I live upon the hill country of Longford in the shadow of Cairn Hill, the highest point in the midlands. My wife, Vivian, who lived in Dublin part of the week, now works from home conducting her advertising job through her computer and Zoom meetings.
While the coronavirus has taken much from so many, it has given us something we have not had in over a year: a life together. There is no need to be in Dublin any more. Coming to learn that her work life could be conducted from our kitchen dining table, she has come to love our life in the countryside. In the evenings after work, I drive her to see the sheep. Vivian, who was raised a city girl in Sydney, has come to know the life of farming. She points out lambs that are thriving, others that need help, and remarks when the grass is growing and if we need to think about moving the stock.
Gone for now are the big social days of trips to the mart or, with the coming of summer, the celebrations of agricultural shows. With the temporary closure of many of the fast-food chains and the decline in exports, the demand for Irish beef fell, and with it the price of a beast.
We sold the last of our yearling cattle just before the market dipped. My father remarked to me that we were lucky to be rid of the animals and have the money in our account.
For me, that trip was a completion of a journey of sorts. The calves of my own cows Granta and Houghton - the names of the publishers of The Cow Book - were sold. With the money, I hope to buy another cow, but that is no easy thing any more. I look through the pages of Done Deal in the evenings after work to see if there is a cow nearby and if the farmer would deliver her. Even in the movement of animals, we must be wary of the virus. Animals are still traded, yes, but it is a much more careful affair.
The sheep who are my charge are a different matter. Lamb is trading well at the moment. We are lucky that every year Muslim friends arrive at the time of Ramadan to buy lambs for the less well-off in their community. It is a central tenet of Islam to help the less fortunate. This week our friends arrived again looking for fit lambs to be brought under the halal butcher's knife.
We had just three lambs fit for sale but we were glad to be able to supply them to our brothers.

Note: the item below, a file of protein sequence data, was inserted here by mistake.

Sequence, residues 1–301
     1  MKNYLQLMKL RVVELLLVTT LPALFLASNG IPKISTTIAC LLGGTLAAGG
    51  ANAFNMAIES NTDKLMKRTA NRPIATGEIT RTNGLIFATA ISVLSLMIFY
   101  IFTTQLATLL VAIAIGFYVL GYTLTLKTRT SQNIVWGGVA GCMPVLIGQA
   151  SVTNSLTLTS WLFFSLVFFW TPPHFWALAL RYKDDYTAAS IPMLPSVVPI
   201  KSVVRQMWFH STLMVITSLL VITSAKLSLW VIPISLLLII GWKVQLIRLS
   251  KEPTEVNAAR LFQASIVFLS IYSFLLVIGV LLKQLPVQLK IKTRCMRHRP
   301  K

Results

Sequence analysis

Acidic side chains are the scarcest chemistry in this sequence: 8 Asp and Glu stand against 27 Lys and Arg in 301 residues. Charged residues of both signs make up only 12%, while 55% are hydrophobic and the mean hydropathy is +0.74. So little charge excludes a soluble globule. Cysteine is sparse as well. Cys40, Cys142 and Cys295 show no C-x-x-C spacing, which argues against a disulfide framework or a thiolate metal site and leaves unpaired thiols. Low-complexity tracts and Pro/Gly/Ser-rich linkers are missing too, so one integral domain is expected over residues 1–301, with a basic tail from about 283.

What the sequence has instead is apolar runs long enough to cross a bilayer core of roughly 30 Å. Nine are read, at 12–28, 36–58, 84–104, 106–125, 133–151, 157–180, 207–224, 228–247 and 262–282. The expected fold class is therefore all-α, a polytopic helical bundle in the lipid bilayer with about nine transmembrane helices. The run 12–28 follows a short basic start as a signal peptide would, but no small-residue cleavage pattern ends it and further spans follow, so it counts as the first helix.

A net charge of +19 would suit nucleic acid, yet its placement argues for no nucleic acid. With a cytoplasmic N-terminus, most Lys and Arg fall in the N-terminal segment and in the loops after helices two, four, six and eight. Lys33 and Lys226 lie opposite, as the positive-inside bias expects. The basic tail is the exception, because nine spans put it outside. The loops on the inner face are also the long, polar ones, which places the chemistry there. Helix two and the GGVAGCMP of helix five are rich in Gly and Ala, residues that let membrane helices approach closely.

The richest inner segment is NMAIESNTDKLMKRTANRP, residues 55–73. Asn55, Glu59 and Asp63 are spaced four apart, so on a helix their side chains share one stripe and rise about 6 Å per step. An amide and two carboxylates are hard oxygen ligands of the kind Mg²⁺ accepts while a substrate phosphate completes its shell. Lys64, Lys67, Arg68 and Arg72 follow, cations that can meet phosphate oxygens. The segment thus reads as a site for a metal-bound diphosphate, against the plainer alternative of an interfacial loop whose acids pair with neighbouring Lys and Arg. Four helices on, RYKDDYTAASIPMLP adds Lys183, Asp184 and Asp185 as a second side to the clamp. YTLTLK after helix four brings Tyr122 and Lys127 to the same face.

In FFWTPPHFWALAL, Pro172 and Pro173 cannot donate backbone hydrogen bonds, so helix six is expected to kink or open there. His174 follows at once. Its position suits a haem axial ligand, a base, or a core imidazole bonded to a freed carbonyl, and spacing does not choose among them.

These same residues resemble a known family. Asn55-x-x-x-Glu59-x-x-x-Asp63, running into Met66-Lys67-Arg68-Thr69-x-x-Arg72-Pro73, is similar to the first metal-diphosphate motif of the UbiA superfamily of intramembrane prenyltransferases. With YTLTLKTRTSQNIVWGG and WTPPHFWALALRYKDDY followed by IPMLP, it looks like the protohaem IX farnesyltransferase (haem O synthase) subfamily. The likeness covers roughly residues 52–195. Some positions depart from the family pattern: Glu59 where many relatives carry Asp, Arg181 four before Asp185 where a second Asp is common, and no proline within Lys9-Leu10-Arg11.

Our neighbours, our great friends in farming, have become cyphers to us. We do not know what occurs in their worlds or on their lands.
The spirit of meitheal has had to change. Favours can be done but they must be done in different ways: an animal dropped at a house, a friendly chat over the phone, but we must keep apart. In doing that, we miss the old ways of doing things.
When the height of summer arrives and the hay and silage are to be made, we do not know what help we will have. My young cousin Jack, now a strong young man in his teens, has helped us the past few years with the haymaking but if the restrictions are not lifted we shall not have his hands nor his strong back.
With the formation of a new government on the horizon, farmers are worried that there will be a reduction in the size of the national herd. My father, who has always been far-seeing in his work, had expected this.
"They will pay us to farm the way our fathers did," he says. "Less will be more." The rushes, the ditches, the curlew: they will be our new crops, they will change how we think of our world. Cattle will be bought and sold, yes; lambs will go to the butcher, but the quality of their lives will be better, and hopefully their prices will be higher.
The pandemic has taught us many things, that life was moving too quickly, that our endless cavalcade of incessant growth was pushing the world too far. To me, the outbreak was a breakdown, but this breakdown can become a breakthrough.
Farming can change, we can adapt, we can focus on our land and our animals and find a new way of being. We must still stand up to the meat factories and the grocery giants, but this shift has already begun; already people are growing their own food, killing an animal for the freezer, thinking in rhythm with the seasons again.
The breakthrough is the awakening of a people to an unstoppable idea; a new way of living. There are many things from the old world that we can do without. That world does not exist any more. That is the road that brought us to this place, this stoppage.
Covid-19 is a teacher, a heartless one, but if we listen it will teach us how to appreciate life again in the wake of all that once was. The power is in our hands again to change the system for perhaps the first time in a generation.
Let us not go back to the way it was, let us remove the endless hours of commuting, the pollution from needless industry, the throw-away culture.
Let us find new lives in the time of the great sickness and on this build our foundation of a new world.
John Connell is author of 'The Cow Book: A Story of Life on a Family Farm'